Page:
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Sony Reportedly wants PlayStation 5 To Be ‘As Easy As Netflix’ — So What Does That Mean?

The new era of video game consoles is on the way. You know what that means? Yes, we’ll be getting more powerful consoles with games that feature better graphics. Load times could be reduced significantly. And yes, we are likely to get some brand-new gimmicks. But let’s not forget that the era of how we get games is also changing. Digital gaming has never been bigger than it is now, and the next logical step in this whole thing is streaming. Without a doubt, Xbox Series X and PlayStation 5 will have their eyes set on that prize.

But how far will they actually take things? Microsoft does seem more invested in the idea of streaming games from across virtually any device, but what about Sony? Can we expect the next PlayStation to really evolve much from what we have on the PS4? If we’re to believe the word of Kotaku reporter Jason Schreier (and author of the book Blood, Sweat, And Pixels), then yes.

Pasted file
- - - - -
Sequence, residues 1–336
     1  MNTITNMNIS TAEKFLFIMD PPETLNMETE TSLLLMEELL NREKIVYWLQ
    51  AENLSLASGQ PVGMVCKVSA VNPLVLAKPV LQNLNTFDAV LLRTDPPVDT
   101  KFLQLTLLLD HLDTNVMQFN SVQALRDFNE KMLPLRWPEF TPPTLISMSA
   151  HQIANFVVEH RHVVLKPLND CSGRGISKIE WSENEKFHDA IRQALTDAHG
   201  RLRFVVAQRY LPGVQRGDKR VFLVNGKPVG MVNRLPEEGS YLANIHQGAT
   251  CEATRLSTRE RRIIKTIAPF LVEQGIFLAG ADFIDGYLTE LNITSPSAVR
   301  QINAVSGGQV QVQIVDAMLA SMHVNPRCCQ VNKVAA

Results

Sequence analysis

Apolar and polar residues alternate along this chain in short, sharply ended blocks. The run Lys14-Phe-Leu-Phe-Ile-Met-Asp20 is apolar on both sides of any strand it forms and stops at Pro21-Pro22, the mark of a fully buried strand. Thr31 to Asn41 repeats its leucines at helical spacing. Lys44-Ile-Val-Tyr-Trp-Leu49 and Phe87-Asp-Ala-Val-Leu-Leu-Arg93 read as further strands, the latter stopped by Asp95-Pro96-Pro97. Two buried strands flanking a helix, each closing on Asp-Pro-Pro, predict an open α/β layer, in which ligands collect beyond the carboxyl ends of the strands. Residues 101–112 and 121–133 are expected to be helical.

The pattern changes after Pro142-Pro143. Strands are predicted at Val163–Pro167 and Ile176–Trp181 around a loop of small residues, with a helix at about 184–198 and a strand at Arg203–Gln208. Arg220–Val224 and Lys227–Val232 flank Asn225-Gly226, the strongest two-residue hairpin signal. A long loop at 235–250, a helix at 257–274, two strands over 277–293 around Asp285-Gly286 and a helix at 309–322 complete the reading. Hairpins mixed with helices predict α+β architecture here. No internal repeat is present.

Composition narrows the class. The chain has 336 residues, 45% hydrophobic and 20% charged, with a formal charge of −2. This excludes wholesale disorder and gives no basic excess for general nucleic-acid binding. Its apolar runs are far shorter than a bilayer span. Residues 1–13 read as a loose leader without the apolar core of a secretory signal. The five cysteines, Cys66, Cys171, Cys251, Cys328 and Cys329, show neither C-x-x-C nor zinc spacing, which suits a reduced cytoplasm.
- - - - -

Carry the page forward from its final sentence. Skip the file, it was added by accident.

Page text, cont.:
“I have heard some fascinating things about the PS5’s operating system like this – one of the pitches they’ve been making to developers is ‘playing a PS5 game should be as easy as Netflix,’” Schreier wrote on the Resetera forums. “They want to make players feel like they can load up the game immediately and know exactly how much time a given activity is going to take them. They want people to feel more inclined to play in short bursts rather than only wanting to turn on the console when they have a few hours to spare.”

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So, what exactly does this mean? Well, I don’t know about you, but I can certainly see his point. Whenever I only have a few minutes to play games, I tend to turn to my Nintendo Switch. I only turn to my PlayStation 4 when I have more than 30 minutes to dedicate to gaming. I’m not sure how, but they hope to make it so that gamers are okay to jump into their system even if they only have a few minutes.

Of course, they may not be able to compete with Nintendo on the portable front, but if they can grab gamers while at home, they could see players playing and buying more games. A lack of friction between the player and the game ultimately creates more incentive to return, so I can understand this approach.

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SOURCE: Resetera

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